7.  Right now, in this baseball era, all teams are jumping on the Bull Pen Bandwagon as if a hot-armed Cuban was what got the Cubs the ring.  Hey, the Cubs led the league in ERA (Chapman's 26 innings didn't change that) and were 2nd in runs scored.  They were a WS team anyway. Their WORST starter just had a 1.2 WHIP and a 105 ERA+ and was named Hammel.  What do you think?  Were their chances only 80% or 90% that they win the Series even if they don't go get Chapman?  So you have to be in that special place AND roll the dice to make Chapman's few innings all THAT special.  I know, at that late stage in the season, one inning might make the difference.  That is exactly why Taro thinks you can always get your nugget back on a Jansen investment, and that's a wise strategy.......once you minus the injury risk and the availability of other arms risk and the need risk, etc.  

8.  Did you see the movie "American Sniper?"  I quite liked it.  A lot, actually.  But you can't win wars with a strategy of just investing in more and more snipers.  God Bless the Chris Kyles, mind you.  The Yankees just paid a gabillion dollars for the ultimate sniper, in Chapman.  Jansen is like that, too.  Their baseball value is entirely predicated on the infantry getting them to one place: The one run lead with 3 outs to go.  They are becoming so specialized that you don't even waste them down one run.  But wasn't it James who established that teams win close to 90% of those games, whether they have a Rivera or not.  Teams win (just looked it up) 95% of the games they lead, going into the 9th inning.  With just a two-run lead in that situation they win 93% of those games.  Chapman doesn't change that equation much.  Neither does Jansen.  With a one run lead, however, the number drops to 85%. (  So you're paying Chapman/Jansen for the delta between he and some other guy in THOSE ball games.  What is that worth?  A lot if it is October, I suppose....but then Chapman falls apart anyway :)  BTW, it looks to my eye like Jansen entered 17 games with one run leads last year.  He blew 4 of them.  76%, right?  He did get some wins when he entered tied games, however.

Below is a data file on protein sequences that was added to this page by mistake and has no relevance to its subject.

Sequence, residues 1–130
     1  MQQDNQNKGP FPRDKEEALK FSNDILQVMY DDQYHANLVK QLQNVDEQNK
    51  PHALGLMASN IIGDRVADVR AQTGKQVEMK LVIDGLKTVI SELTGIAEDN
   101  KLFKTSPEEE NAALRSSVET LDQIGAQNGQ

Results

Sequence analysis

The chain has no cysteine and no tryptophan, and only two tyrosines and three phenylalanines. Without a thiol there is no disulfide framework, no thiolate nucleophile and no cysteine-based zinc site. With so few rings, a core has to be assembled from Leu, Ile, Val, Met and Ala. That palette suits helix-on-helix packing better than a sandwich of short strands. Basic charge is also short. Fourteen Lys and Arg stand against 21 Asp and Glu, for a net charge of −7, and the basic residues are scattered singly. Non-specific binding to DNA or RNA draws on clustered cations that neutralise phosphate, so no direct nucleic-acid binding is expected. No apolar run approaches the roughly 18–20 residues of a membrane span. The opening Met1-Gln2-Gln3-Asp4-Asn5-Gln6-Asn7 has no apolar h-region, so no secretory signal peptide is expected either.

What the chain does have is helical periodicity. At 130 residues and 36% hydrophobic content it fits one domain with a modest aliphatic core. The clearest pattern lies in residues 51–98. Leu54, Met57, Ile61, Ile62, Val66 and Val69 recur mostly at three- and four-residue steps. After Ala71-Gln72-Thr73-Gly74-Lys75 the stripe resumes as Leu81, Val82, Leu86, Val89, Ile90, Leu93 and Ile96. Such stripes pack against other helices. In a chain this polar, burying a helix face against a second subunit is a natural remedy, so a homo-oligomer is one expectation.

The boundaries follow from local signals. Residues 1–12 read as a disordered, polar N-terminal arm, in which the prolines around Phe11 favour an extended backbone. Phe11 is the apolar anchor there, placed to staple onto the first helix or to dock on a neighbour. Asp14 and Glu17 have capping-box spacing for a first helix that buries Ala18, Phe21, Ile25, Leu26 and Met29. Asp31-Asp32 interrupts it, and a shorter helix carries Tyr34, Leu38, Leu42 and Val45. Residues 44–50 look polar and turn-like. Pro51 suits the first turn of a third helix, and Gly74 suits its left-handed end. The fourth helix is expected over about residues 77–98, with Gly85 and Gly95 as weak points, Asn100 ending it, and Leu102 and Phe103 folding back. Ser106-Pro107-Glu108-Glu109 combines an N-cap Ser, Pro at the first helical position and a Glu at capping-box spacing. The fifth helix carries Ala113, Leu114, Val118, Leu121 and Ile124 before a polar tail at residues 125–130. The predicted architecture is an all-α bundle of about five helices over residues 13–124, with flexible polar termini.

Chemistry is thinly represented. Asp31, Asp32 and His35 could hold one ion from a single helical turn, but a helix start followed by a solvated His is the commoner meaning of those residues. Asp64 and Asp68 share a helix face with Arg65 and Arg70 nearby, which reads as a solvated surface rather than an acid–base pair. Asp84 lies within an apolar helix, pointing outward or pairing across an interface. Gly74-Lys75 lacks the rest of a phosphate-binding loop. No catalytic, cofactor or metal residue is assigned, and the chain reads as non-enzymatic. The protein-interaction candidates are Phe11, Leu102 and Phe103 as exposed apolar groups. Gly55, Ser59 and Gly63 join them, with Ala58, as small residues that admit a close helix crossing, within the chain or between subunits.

9.  Was the market inefficient because nobody paid $4 for a cup of coffee until Starbucks convinced us that such was the way to coolness (man, I do it, too).  The folks who invested in Starbucks early sure reaped the reward for the market figuring out just what a cup of coffee's true value was ("WSAR"= Wonderful Sips Above Replacement).  Billy Beane retaught baseball the lesson on the "real" value of OBP, momentarily, it seems.  RP's are the new hot thing right now (See KC/Miller/Chapman).   I suppose you get in while they're hot.....but unless they pay-off early, you add the risk of a diminishing market value to the injury risk, etc.  DiPoto has figured that he's on to the new RP strategy.  Buy bundles of them cheap and hope 3 pay-off. 

10.  Will finish with this simple point....that I should have made 90 minutes ago and then went fishing.  SOME FA SUPERSTARS are undervalued, not all of them. Some are overvalued. The risk on a Kenly Jansen $80M investment is substantial, impacted by the performance of Felix, Kuma, Cano, Segura, Tank Charbaneau, Jansen's scapula, Jansen's elbow, and the future need of teams down the line, who may or may not have something really pretty that you may or may not be able to swap Jansen out for.  Maybe it's just better to trade Gohara and Altavilla to the Cubs and get Monty back?  He looks to be a whole long way toward a Jansen.  But then, what have you lost, Altavilla and Gohara being juicy and all?  The risk on a Cano investment was substantially less.  The best FA signing this off-season was Fowler, I think.  He addressed a huge St. Louis need (one they had identified, not me) and h'es a clock-work performer.  Drat it all to heck.  He's the guy I wanted and the Cards were the trade partner I hoped to play with.  Beat again.